The complaint alleges 19 causes of action, ranging from fiduciary elder abuse, to fraud, to misappropriation of name and likeness. According to the lawsuit, Boinus persuaded Opdyke to sign a series of agreements, culminating in an option that allowed him five years to sell her story in exchange for $1. If the octogenarian were to die within the five years, none of her heirs would receive any of the profits. The money would go to Boinus and the Irene Gut Opdyke Holocaust Rescuer Foundation, co-founded by Boinus for fund-raising and other purposes but over which Opdyke has had no control, says Diane Klein, one of Opdyke's attorneys.
Boinus, who denies all allegations, has said that he is now in the unenviable position of defending himself against a Holocaust hero whom he admires.
His attorney, Howard A. Kapp, says the five-year option is a standard entertainment industry contract. Kapp says Boinus' primary motivation has been to publicize Opdyke's heroic deeds, through the IRS-approved foundation and other endeavors. Boinus did ask Opdyke to sit on the foundation board, Kapp says, but the senior citizen declined. She preferred to let Boinus and a board of directors handle the business of the foundation, which aimed to educate children about the Holocaust, Kapp says. The foundation has folded since the lawsuit.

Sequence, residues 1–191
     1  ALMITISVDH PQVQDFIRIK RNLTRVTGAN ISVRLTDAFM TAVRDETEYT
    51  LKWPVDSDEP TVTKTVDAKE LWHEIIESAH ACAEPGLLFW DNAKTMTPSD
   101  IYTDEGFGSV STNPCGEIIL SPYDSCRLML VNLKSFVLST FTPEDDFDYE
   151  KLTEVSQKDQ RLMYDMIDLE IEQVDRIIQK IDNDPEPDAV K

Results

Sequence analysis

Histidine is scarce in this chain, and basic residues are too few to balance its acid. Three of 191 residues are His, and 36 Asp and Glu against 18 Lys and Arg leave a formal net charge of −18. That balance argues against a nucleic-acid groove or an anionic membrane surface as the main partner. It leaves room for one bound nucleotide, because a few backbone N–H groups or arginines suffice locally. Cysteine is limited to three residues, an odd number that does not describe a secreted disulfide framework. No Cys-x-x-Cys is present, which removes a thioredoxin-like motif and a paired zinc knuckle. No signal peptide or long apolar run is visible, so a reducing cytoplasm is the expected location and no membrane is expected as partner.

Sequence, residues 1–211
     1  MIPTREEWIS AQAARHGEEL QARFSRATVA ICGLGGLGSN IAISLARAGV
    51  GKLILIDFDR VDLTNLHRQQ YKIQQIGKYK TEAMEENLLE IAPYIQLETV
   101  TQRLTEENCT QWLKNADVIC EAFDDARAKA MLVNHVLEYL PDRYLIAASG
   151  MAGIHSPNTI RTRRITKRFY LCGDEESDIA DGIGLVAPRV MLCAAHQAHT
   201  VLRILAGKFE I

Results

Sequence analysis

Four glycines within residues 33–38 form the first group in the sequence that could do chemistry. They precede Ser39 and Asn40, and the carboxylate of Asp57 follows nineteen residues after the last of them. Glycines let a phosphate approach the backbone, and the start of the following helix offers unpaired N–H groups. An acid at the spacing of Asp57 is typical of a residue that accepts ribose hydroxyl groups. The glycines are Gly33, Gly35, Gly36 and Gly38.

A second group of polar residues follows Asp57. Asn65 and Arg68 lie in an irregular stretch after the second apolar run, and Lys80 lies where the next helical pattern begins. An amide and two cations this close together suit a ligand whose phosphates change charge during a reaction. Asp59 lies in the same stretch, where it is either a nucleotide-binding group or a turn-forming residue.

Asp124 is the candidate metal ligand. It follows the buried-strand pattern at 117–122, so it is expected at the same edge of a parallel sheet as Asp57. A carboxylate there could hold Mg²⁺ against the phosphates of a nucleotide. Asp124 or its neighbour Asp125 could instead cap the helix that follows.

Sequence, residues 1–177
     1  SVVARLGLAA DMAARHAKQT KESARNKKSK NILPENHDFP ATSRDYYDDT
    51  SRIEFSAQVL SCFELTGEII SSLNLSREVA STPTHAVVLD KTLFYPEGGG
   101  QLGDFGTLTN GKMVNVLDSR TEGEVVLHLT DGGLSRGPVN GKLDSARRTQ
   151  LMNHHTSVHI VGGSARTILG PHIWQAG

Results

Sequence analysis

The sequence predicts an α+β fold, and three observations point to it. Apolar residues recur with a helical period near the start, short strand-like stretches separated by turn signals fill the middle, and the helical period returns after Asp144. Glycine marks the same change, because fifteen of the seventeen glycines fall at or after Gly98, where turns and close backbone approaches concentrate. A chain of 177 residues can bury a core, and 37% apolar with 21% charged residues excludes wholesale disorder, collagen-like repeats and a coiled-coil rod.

Boinus, 45, a graduate of the USC School of Cinema, met Opdyke about five years ago, after she spoke at the Irvine synagogue where he was a member, Klein says.
Opdyke learned to trust Boinus when he helped her get out of an unfavorable book deal and then facilitated a new deal for her with Alfred Knopf. Boinus also helped Opdyke with her income taxes and coordinated her personal appearances, among other favors, Klein says.
But last summer, after appearing on a segment of ABC's "PrimeTime Live," Opdyke says that she began to develop suspicions about Boinus. Producers had been expressing interest in making a movie about Opdyke; concerned friends convinced her to have an attorney review her contracts with Boinus. Soon thereafter, Bet Tzedek Legal Services, a public interest law firm and beneficiary agency of the Jewish Federation of Greater Los Angeles, arranged for Opdyke's case to be handled pro bono by Carole E. Handler, co-chair of Kaye, Scholer law firm's entertainment group.